Featured Research

from universities, journals, and other organizations

Women who consume large amounts of tea have increased risk of rheumatoid arthritis, study finds

Date:
June 21, 2010
Source:
European League Against Rheumatism
Summary:
Women who drink tea have an increased risk of developing rheumatoid arthritis (RA) compared with those who drink none (p=0.04), according to results of a new study. Further results from the same study showed no correlation between the amount of coffee consumption and RA incidence (p=0.16).

Women who drink tea have an increased risk of developing Rheumatoid Arthritis (RA) compared with those who drink none (p=0.04), according to results presented at EULAR 2010, the Annual Congress of the European League Against Rheumatism in Rome, Italy. Further results from the same study showed no correlation between the amount of coffee consumption and RA incidence (p=0.16).

Related Articles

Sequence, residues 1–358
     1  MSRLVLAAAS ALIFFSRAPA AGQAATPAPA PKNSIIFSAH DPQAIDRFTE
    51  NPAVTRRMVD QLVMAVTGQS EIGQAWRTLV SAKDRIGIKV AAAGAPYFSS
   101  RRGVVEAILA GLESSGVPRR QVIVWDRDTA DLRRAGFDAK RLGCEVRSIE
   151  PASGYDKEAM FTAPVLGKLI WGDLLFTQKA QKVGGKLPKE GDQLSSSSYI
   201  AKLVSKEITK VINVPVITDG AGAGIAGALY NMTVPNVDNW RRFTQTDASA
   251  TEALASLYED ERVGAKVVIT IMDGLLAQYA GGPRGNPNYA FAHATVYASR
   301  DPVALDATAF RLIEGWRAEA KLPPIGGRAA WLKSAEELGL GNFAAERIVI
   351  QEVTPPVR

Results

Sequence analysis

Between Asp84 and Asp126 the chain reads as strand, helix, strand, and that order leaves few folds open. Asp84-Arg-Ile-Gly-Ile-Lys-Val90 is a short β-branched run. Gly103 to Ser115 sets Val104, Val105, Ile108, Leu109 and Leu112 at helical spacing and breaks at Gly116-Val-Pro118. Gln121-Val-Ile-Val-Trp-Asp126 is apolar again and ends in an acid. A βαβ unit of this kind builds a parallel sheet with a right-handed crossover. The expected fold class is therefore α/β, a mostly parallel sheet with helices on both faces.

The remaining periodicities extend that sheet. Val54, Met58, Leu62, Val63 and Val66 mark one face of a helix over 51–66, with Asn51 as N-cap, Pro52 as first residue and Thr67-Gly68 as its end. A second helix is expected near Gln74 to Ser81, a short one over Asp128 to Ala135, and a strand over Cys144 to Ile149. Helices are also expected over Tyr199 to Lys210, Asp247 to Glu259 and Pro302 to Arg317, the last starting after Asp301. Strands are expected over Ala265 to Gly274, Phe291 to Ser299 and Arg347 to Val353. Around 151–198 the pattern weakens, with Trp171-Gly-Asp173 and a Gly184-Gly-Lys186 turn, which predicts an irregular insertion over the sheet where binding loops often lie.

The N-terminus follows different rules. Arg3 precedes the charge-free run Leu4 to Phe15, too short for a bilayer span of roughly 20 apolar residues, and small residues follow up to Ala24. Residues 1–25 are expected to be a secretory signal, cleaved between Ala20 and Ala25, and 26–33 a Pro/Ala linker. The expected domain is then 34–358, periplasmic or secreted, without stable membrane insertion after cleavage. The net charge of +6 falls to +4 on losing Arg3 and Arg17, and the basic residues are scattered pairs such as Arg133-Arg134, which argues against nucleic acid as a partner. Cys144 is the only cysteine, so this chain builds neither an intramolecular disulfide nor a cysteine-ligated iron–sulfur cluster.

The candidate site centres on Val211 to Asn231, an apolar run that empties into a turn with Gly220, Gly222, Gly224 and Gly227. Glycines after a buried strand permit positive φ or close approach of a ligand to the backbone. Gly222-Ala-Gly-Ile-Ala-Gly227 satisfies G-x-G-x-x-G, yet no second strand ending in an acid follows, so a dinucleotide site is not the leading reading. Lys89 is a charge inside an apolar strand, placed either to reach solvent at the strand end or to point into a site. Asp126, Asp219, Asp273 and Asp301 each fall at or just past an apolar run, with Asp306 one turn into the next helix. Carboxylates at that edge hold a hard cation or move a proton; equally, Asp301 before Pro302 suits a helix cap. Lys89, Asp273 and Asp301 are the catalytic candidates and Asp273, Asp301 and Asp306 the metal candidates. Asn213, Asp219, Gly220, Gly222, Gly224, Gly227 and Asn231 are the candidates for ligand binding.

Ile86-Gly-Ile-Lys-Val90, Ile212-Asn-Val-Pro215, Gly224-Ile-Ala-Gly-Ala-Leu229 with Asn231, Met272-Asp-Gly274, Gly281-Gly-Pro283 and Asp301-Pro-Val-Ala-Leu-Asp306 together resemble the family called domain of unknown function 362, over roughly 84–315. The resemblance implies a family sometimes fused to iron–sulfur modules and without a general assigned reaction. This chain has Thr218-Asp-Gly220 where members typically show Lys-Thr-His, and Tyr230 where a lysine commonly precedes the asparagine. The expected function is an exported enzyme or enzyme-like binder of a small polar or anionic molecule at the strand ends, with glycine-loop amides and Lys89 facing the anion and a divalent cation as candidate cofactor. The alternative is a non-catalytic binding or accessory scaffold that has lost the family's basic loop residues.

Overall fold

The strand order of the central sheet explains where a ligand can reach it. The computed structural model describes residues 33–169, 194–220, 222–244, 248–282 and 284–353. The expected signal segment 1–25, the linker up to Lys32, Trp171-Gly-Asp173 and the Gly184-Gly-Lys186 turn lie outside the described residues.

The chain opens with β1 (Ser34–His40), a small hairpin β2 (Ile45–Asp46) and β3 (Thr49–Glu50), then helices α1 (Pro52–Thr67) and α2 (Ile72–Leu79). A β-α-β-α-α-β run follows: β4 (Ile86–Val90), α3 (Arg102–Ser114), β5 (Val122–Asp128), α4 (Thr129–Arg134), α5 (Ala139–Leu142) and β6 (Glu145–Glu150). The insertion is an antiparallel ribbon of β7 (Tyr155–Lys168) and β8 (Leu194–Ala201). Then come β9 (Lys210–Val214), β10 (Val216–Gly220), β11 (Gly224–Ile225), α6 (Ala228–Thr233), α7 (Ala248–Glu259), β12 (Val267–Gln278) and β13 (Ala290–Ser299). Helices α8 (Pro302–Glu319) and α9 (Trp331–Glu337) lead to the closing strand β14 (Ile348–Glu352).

The results of the US based longitudinal cohort study involving 76,643 women showed a positive association of incident RA in tea drinkers with an increasing Hazard Ratio (HR) observed alongside tea consumption (p=0.03). Consuming any amount of tea carried a significant risk of developing RA (HR 1.40 (95%CI 1.01-1.93) p=0.04) and women who drank ≥4 cups of tea per day had an increased risk of developing RA compared to those who drank none (HR 1.78 (95%CI 0.83-3.82)). An analysis of the method of preparation of coffee (filtered vs unfiltered) and presence or lack of caffeine in the beverage did not show any significant associations with RA or Systemic Lupus Erythematosus (SLE, an autoimmune disease in which the immune system harms the body's own healthy cells and tissues) (RA: filtered p=0.08, unfiltered p=0.38, SLE: filtered p=0.74, unfiltered p=0.97). No increase was shown in the risk of developing RA in participants who drank coffee compared to those that did not (RA: HR 1.09 (95%CI 0.77-1.54 p=0.63).